Reddit users with siblings born significantly later, 10-15 ish years after you. What kind of relationship do you have with them?

I didn't want to ask you publicly, but where are you from in PA? I was born and raised near Pittsburgh.

You're doing right by your son. No matter what his bio dad says. By you explaining to him that his dad isn't around because he never learned how to be a good dad from his parents, you're setting your son up to know he needs to learn parenting skills and responsibility.

I know you're a great mom and you love him. I can tell by the way you want to protect him. It's exactly what I would do if faced with the same situation.

From someone who was basically raised without a dad until I was older, it did change me, but not in a negative way. Personally, I have been married to my awesome husband for 13 1/2 years (not bragging, I swear) and of course, we occasionally disagree, we have a great relationship. The most important thing is to teach him how to treat women. If he sees you're empowered, he will find a woman who is confident and empowered like you. It definitely sounds like you are. So, being his role model for success will set him up for success in the future.

Personally, my mom chose unsuitable partners when it was only up to her. When she met my step dad I was about 10. She asked me if I was ok with her dating and after I met him, if I liked him. When I approved of him, she was good with it. Now, my parents have been together for 20 years and married for 15.

By watching my mom go through some of the heartache she went through was difficult, I learned a lot just by observing. My childhood stuck with me and I remember so many disappointments of not having a father when I was small, but it also taught me to appreciate what I do have.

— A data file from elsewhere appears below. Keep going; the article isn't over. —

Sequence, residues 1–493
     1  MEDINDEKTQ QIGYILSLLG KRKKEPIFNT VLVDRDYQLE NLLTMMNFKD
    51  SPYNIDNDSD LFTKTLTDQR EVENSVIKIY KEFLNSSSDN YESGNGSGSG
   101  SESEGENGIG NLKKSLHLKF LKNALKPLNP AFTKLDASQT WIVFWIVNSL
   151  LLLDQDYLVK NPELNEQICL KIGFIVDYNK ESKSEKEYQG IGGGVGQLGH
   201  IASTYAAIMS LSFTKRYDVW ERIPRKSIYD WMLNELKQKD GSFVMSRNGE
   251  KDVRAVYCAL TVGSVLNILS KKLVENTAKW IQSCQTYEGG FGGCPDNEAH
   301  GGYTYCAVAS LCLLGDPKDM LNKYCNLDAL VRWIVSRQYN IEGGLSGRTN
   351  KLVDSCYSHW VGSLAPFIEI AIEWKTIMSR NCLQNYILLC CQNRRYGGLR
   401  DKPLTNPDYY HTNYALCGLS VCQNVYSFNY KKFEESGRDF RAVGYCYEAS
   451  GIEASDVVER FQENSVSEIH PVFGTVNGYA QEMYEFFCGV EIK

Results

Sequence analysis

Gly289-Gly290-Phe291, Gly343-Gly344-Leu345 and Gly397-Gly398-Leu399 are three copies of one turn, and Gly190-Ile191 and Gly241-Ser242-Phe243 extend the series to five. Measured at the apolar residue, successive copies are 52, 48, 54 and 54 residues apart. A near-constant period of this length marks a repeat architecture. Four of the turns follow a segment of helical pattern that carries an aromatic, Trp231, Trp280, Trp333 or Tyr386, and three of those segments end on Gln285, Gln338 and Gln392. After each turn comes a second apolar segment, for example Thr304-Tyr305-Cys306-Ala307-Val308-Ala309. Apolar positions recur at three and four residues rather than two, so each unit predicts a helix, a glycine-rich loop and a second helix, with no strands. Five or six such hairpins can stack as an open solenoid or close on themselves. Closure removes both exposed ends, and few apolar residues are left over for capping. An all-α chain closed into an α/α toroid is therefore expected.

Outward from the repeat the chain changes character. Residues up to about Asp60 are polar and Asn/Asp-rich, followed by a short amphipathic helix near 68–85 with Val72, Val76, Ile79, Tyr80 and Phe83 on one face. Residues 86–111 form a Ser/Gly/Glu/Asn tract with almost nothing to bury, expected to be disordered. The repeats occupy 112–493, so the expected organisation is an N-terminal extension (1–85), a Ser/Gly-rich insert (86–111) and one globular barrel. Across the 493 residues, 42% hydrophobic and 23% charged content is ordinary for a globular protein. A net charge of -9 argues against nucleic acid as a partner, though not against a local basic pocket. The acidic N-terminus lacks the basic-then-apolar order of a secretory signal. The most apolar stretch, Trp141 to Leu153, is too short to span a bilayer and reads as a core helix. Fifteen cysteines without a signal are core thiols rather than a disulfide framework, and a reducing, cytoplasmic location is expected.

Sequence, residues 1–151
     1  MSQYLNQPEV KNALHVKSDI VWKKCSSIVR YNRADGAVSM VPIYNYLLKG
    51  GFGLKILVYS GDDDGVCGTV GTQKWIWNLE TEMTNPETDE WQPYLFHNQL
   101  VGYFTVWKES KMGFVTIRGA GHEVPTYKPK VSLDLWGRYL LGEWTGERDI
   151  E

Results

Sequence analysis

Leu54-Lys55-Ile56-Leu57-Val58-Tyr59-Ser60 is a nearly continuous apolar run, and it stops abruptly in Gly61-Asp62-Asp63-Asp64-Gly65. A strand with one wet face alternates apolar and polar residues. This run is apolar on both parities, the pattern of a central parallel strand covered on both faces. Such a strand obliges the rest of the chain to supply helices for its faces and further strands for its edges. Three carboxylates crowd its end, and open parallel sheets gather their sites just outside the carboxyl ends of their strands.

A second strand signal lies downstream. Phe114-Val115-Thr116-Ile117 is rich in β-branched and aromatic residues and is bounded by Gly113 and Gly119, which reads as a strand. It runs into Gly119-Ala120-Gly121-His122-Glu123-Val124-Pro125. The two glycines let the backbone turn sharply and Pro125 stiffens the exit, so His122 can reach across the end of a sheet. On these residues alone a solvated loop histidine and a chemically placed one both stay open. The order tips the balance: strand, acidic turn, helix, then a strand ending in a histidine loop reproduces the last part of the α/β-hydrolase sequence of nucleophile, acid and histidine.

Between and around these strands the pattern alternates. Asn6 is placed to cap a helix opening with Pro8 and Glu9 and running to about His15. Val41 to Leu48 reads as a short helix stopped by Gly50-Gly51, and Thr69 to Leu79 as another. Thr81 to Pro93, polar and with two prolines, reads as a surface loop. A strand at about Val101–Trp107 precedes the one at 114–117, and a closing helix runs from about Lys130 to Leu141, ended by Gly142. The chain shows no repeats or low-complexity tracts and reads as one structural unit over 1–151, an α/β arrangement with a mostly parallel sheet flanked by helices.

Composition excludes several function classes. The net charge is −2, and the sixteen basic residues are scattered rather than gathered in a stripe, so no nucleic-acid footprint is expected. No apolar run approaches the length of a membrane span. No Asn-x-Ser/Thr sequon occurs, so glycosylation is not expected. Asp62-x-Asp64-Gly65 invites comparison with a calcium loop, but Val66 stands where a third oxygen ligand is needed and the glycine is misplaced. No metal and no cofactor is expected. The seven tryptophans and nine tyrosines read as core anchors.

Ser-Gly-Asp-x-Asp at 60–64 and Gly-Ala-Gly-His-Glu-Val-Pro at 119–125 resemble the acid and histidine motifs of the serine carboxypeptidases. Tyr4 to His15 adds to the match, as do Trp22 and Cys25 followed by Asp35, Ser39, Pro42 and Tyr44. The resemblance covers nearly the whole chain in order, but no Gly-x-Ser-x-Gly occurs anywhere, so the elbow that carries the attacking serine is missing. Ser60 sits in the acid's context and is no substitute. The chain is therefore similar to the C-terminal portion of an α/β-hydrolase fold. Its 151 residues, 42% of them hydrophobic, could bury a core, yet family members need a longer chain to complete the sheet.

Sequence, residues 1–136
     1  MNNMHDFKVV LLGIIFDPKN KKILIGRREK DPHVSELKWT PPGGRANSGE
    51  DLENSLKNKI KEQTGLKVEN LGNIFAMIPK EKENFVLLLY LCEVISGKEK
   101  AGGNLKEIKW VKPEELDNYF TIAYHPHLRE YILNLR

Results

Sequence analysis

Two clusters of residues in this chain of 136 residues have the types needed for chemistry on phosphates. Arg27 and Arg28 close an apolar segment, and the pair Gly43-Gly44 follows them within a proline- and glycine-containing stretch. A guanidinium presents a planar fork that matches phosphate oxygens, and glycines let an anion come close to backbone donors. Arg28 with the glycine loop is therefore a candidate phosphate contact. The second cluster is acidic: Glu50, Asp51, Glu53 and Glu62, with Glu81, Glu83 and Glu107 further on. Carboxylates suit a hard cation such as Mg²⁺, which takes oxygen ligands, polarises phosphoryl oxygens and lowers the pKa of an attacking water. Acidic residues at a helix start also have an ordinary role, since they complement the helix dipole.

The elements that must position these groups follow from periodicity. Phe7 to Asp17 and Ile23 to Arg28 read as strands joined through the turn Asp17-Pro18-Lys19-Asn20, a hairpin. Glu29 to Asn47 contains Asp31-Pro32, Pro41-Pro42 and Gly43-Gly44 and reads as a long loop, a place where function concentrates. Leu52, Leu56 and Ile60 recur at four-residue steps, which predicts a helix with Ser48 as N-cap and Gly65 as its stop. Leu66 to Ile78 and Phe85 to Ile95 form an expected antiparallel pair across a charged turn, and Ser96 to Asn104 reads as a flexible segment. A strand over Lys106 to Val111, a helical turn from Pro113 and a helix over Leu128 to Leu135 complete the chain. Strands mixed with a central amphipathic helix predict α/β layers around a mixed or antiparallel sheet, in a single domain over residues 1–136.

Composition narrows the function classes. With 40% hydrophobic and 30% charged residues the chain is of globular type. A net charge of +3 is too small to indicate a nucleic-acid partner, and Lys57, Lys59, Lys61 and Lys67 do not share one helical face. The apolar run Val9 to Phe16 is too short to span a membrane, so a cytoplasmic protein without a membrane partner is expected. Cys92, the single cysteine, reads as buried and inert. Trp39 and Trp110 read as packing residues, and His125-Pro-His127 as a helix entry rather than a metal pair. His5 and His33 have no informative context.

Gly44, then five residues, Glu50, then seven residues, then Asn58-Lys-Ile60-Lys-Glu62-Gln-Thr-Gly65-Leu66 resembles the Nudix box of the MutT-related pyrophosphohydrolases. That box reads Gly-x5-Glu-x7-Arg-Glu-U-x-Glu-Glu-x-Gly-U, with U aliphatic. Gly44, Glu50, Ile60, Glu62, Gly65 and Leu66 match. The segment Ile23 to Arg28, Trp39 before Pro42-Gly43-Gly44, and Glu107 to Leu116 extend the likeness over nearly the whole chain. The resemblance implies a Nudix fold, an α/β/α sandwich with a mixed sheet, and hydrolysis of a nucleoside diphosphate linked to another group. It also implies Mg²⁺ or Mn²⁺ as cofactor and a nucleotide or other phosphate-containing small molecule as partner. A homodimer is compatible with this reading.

I definitely think you're doing right with your son. If his bio father is just going to drift in and out of your son's life, it's not him. As your son gets older, he will notice and realize that "Dad just doesn't have time for me, so I don't have time for him." It's not an easy lesson to learn, but valuable lessons usually come at a cost. It will make your son a better father in the long run, especially if you surround him with men who are also good role models. He will start to mimic their behaviour.

On a side note, my husband is so much like my father in law. It's seriously adorable. I swear, the older he gets the more he acts and responds like his dad. My father in law is a pretty awesome guy and I know he loves my mother in law. So, when I observe these little things, I realize how important it is to be around good people. I know my outlook on treatment of people has changed because of my husband. He was raised in a traditional family, but I really think the most important thing is to teach a child how to give and receive love. It sounds like you are doing exactly that and I know your son will be a great father and role model some day.

/r/AskReddit Thread Parent